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Shadow on the Wall (1950)

Approved | | Crime, Drama, Film-Noir | 19 May 1950 (USA)
A woman kills her beautiful sister in a rage after finding out she has an affair with her fiancé, and later plans on killing the little girl who may have witnessed the murder.



(story "Death in the Doll's House"), (story "Death in the Doll's House") | 1 more credit »


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Complete credited cast:
David I. Starrling
Susan Starrling
Dr. Caroline Canford (as Nancy Davis)
Celia Starrling
Pike Ludwell
Crane Weymouth
Helen Brown ...
Miss Burke
Marcia Van Dyke ...
Anthony Sydes ...


Angered that her sister Celia has stolen her fiance, Dell Faring kills her and allows Celia's husband David, knocked out in an argument with Celia, to take the blame and end up on death row. Later Dell, finding out that David's young daughter Susan was witness to the crime and is undergoing psychiatric treatment, plans to eliminate her before her memory returns. Written by Doug Sederberg <vornoff@sonic.net>

Plot Summary | Add Synopsis


Some women will stop at nothing!


Approved | See all certifications »




Release Date:

19 May 1950 (USA)  »

Also Known As:

Drohende Schatten  »

Company Credits

Production Co:

Show detailed on  »

Technical Specs


Sound Mix:

(Western Electric Sound System)

Aspect Ratio:

1.37 : 1
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Did You Know?


The treating psychiatrist, Dr. Caroline Canford, was played by a future "First Lady," Nancy Davis Reagan. Nancy had met then First Lady Grace Coolidge when she was seven. See more »


When Dell frantically flips through the front section of a newspaper looking for an article about the possible demise of her step-niece, the prop newspaper clearly has no name banner, headlines, photos or ads. See more »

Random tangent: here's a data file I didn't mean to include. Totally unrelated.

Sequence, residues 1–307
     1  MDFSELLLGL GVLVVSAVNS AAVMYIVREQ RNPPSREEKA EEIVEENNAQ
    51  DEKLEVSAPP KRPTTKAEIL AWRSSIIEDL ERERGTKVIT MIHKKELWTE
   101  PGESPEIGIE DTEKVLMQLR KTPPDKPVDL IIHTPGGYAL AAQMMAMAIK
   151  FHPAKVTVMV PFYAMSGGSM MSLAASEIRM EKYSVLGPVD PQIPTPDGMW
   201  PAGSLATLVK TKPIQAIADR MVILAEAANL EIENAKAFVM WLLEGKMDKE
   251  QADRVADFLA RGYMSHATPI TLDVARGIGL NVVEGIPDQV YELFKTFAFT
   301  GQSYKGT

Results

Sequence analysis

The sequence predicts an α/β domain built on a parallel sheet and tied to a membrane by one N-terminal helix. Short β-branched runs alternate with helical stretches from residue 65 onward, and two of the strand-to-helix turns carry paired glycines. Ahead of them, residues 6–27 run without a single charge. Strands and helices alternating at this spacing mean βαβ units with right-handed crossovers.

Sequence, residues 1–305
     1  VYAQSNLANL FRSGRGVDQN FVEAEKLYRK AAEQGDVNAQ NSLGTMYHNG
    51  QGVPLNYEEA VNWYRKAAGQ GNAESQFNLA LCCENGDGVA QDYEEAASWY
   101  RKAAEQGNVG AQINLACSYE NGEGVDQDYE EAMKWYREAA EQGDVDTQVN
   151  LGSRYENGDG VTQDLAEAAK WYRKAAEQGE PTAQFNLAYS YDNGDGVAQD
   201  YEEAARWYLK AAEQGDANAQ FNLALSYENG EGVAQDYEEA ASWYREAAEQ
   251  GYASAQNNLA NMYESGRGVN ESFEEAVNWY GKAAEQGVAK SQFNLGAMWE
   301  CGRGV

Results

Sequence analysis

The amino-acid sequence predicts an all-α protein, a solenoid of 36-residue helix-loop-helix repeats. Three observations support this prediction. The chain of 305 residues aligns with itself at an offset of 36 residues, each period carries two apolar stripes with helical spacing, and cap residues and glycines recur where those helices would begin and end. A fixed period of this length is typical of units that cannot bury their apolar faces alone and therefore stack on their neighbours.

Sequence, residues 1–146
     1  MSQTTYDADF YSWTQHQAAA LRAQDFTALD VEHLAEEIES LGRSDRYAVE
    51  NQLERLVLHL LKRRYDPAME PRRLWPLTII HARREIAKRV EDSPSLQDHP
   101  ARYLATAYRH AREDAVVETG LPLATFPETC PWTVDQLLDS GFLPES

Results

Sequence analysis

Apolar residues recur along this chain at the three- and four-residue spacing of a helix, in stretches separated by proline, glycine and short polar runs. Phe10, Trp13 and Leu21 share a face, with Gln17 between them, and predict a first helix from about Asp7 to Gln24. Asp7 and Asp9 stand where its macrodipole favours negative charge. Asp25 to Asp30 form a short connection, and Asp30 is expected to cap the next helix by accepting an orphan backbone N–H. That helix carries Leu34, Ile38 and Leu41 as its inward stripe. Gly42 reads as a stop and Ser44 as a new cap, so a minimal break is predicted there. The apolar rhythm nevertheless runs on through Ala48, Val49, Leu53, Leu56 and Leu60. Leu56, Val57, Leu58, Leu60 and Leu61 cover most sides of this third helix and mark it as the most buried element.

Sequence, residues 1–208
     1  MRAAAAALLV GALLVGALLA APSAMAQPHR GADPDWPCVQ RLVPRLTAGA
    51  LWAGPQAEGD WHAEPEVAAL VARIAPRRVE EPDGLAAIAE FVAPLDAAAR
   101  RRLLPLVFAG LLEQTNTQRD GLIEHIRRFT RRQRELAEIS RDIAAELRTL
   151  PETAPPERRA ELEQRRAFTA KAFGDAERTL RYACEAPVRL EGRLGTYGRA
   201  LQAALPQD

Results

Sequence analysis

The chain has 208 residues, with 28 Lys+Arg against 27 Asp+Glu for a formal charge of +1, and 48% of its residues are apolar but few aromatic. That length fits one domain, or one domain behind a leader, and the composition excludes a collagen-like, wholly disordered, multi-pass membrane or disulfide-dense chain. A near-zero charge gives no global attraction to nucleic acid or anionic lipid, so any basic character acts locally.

Susan Starrling: I'm glad Celia went to the early show. I don't think she likes us very much.
David I. Starrling: Susan, what a dreadful thing to say about your mother.
Susan Starrling: She's not my mother. My mother's dead. You said so yourself.
David I. Starrling: Celia's your mother now. It's not easy for her. Promise me you wont' say thing like that again.
Susan Starrling: Ok, I promise. I won't say it again. But I'll still think it.
See more »

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User Reviews

Not the sort of film you'd expect from MGM...
2 August 2016 | by (Bradenton, Florida) – See all my reviews

David (Zachary Scott) is married to a no-good cheat, Celia. After returning from a business trip, he learns at a dinner party that his wife and 'friend' are having an affair. Later, as the two are arguing over this, Celia knocks out David. In the meantime, Celia's sister, Dell (Ann Sothern) arrives and confronts Celia for stealing her fiancé. Soon Dell kills Celia...and with David unconscious, he's assumed to have done the killing...and David isn't sure he didn't. David's been sent to death row and the only glitch in Dell's plan is that David's young daughter (Gigi Perreau) might have witnessed the killing and Dell needs to be certain she won't talk. While the young girl is too traumatized to fully recall the events, she could remember through the course of therapy...and it could be Dell on death row instead! So Dell can either wait and hope the child cannot remember or kill her to make certain!

This is an unusual film due to the casting. This is NOT a complaint, but seeing Ann Sothern playing a killer is interesting, as she usually played nice, sweet folks like her Maisie character from the 1940s. At first, you can understand her motivation in killing her sister...but to see her attempting to murder an innocent child...that is a dark and twisted character! Additionally, this is one of the few films I've seen where Nancy David (Reagan) is given a chance to really act and she was quite nice as the child psychiatrist, Caroline. In other films, such as "Hellcats of the Navy" and "The Next Voice You Hear", Davis never really had a chance to shine as an actress.

As for the film itself, it is very good and worth seeing. It's also very unusual for MGM...a studio that wasn't known for such dark films back in 1950. In general, film noir pictures were done by other studios and MGM preferred making 'nice' movies...but here they've created a rather hard-hearted film! This is NOT a complaint...I liked the film and can easily recommend it to anyone.

By the way, one odd thing you see in the film is 'hydrotherapy'. Back in the bad old days of psychiatric treatment, hospitals often used baths to somehow try to cure or alleviate suffering in mental patients. In the really bad old days, it was ice water! Here, in the more enlightened 20th century, the baths were less traumatic and more soothing--with warm water. Of dubious value...but at least not harmful in the latter.

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